Well rhubarb time seems to be drawing to a close. Thank heavens. It (the rhubarb patch) never seems to get any smaller, though goodness knows I've done my best - I've given lots away, - visitors are seen staggering off down the lane, two bowed legs tottering along beneath the mountain of red stems and green leaves. I've even dug some up in an effort to reduce the Occupied Area, but rhubarb clings to its power base in the allotment with a tenacity reminiscent of a middle eastern despot. I'm expecting Tony Blair to be popping round any time now.

And worse still,  much to Mr Wilkinson's consternation, Rhubarb Crumble is off the menu as I'm still on the diet.  Sort of.  So casting around for ways in which I could  usefully put this earliest of the year's fruit crop on the menu, I came upon Jamie's idea of Rhubarb Bellinis which I rather fancy.


Or possibly this reasonably healthy idea from one of my favourite cooking blogs Smitten Kitchen

neither are stricly in the diet regime though....Ah well, the things one has to endure for International Diplomacy.

Sunday, 5 June 2011

It's been a while....

I can't believe how long it is since I last posted. Shameful. But you'll be relieved to know that the weeds in the veg garden are as prolific as ever, so plus ca change, as they say....

The lack of rainfall here has meant a great deal of time moving the hosepipe around the garden just to stop things dying of thirst. And the blog isn't the only thing I've neglected either - the tomato plants have only just gone out,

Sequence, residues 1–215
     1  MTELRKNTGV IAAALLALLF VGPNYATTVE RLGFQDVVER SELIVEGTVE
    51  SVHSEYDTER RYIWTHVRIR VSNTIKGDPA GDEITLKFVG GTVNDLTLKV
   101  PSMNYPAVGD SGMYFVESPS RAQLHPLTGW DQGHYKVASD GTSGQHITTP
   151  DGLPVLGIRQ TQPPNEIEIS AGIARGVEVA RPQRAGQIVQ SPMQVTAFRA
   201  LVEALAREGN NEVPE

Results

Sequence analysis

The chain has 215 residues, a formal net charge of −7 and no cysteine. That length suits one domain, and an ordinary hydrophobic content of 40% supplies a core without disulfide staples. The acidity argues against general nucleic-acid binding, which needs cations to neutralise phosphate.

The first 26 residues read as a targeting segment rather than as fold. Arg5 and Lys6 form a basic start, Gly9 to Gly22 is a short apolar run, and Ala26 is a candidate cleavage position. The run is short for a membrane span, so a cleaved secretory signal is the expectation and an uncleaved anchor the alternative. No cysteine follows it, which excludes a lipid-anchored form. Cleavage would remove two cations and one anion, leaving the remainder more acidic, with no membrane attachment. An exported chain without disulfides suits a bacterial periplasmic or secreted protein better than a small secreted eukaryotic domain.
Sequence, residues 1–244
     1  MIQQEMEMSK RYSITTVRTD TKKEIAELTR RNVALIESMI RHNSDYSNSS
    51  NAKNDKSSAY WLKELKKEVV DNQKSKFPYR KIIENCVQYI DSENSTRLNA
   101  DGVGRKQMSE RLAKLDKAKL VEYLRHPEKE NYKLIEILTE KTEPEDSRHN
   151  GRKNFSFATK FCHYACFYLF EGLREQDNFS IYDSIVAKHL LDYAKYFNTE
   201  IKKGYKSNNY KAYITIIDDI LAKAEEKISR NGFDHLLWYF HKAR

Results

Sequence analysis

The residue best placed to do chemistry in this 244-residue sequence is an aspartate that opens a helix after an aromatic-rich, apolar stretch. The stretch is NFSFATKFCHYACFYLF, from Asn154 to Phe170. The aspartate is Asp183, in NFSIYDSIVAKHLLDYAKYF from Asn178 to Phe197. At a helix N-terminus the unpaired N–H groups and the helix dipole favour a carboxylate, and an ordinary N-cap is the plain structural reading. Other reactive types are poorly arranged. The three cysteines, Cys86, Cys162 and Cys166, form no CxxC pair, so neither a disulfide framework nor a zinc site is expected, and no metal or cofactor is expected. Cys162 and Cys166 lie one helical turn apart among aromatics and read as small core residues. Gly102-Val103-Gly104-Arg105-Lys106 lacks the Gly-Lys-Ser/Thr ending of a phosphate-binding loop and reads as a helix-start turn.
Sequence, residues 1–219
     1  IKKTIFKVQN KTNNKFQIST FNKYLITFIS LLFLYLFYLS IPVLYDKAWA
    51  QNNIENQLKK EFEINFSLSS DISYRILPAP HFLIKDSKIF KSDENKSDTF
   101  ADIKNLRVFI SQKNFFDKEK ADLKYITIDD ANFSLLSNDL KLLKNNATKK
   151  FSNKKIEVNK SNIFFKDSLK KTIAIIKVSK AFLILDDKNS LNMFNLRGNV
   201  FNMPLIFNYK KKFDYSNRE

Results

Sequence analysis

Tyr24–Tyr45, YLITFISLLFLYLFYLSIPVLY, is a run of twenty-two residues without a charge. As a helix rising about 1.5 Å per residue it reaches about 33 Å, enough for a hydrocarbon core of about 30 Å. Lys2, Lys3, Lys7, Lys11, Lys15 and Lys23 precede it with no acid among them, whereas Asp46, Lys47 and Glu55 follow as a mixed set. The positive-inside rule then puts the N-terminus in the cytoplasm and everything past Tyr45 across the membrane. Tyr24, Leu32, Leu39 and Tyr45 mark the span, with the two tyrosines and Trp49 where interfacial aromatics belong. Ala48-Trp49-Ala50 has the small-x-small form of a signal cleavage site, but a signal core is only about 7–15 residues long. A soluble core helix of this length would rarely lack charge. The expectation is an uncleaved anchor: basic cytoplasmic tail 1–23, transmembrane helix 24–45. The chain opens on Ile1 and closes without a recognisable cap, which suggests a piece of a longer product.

and other tender things like peppers and aubergines are still in pots!












Also shameful. So now that I've given myself a good ticking off, I can at least say that the long border is looking pretty good.

 The roses are just coming out,and the peonies and delphiniums are inadequately staked but really lovely for all that, albeit  with a slightly inebriated Saturday night at 2am sway.














These are my favourite kinds of plants, early summer cottage garden reliables - a bit blowsy for some but perfect for me!









Life in the chicken run is pretty quiet at the moment. My two new Goldtops have gone broody already, which is just what I hoped for, and they are installed in two separate runs with six each of Lavender Auracana, and Rhode Island Red eggs to sit on. In fact three of the Lavender Auracanas have hatched this morning.

Not a very good picture I'm afraid, but you have to be a bit quick around grumpy mother hens with new chicks. But then I suppose I'd be a bit grumpy if I'd been sitting on my own in a box for three weeks....

 The three Cuckoo Marans that I hatched in the incubator earlier in the year are now in the run, but I have the suspicion that two of them are cockerels. It's too early to tell definitively, but it looks like at least one roast dinner in prospect! We will have to see.



One of the reasons for my lack of posting recently is we've been busy looking around at houses, as we are thinking of moving to somewhere with a bit more land, not just so that I can grow more weeds, though no doubt I will, but so that I can keep some livestock. I've had quite a bit of experience now with chickens, ducks, and bees, but as I said to the estate agents, I'd like to branch out into something without wings. Like say, pigs, or sheep. Or a lovely Jersey cow. I think I'm probably getting carried away to smallholding heaven - pigs might fly, oh no not wings again.....